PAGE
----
Correct & Re-efile Your Tax Return on eFile.com
If your efiled tax return was rejected by the IRS and/or state tax agency, don't worry or panic! In most cases, a rejection is due to a simple typo or math error. eFile.com is here to help you correct and re-efile your return so the IRS accepts it!
After you signed into your account, you will see detailed information on the rejection code and instructions on how to correct and re-efile your return for free. You can efile your return as many times as it takes (at no extra charge) until your return has been accepted by the IRS and/or state tax agency.
We have a list of common IRS reject or error codes on eFile.com with instructions on how to correct them. Alternatively, you can search for your Federal efile Income Tax Rejection Code and State Income Tax Return efile Rejection Code to find simple, detailed instructions on how to correct your federal and state tax returns.
If your tax return was already accepted by the IRS and you need to make changes, you will have to file a tax amendment. Learn about how to amend your tax return on eFile.com.
Why You Should Correct and E-file Your Tax Return
One of the benefits of filing electronically is that most simple mathematical errors will be found and corrected by eFile.com. The IRS itself will also often correct mathematical errors, and they will contact you if you are missing any required information.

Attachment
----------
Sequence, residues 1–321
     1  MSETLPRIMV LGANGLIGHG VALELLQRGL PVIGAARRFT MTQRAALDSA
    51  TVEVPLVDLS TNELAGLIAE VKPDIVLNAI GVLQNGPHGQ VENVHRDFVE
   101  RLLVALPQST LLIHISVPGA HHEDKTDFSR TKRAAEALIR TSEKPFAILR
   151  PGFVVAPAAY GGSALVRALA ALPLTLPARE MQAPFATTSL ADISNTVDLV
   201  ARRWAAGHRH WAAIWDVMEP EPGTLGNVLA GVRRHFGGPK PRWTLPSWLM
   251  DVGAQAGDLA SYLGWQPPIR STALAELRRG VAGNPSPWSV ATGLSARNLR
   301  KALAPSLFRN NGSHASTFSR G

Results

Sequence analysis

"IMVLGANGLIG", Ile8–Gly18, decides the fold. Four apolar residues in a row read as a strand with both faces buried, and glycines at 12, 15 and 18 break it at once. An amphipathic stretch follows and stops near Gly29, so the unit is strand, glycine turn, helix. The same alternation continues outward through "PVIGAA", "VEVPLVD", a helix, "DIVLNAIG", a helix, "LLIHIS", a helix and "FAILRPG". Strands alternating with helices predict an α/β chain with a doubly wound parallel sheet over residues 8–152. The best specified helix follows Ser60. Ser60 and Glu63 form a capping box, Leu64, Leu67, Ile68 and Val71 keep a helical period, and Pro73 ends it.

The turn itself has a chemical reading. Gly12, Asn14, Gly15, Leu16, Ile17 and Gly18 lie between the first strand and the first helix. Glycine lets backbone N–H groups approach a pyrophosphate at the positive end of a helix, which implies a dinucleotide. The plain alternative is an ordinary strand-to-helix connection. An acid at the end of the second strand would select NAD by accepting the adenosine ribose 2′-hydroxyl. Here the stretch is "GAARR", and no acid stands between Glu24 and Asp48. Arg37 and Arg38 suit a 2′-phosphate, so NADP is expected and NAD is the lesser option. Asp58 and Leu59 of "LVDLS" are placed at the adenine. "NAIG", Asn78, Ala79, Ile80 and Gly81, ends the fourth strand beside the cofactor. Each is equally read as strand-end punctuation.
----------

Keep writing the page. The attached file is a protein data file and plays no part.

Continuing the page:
If your return has not been submitted and accepted yet, you can still make changes and efile your tax return to the IRS so they can accept it. If you are a registered eFile.com user, just sign into your eFile.com account, click "Review" on the left side of your account screen, and click the "Show the forms I've completed" link to see and edit any forms you've completed. Then, click "File" on the left and follow the on-screen prompts to efile your return.
If you efiled your return on time, but it was rejected after the tax deadline, your return will still be considered on time if you correct it and efile again within 5 business days. If you decide to print your return and mail it to the IRS, you have 10 days to do this in order for the return to be on time.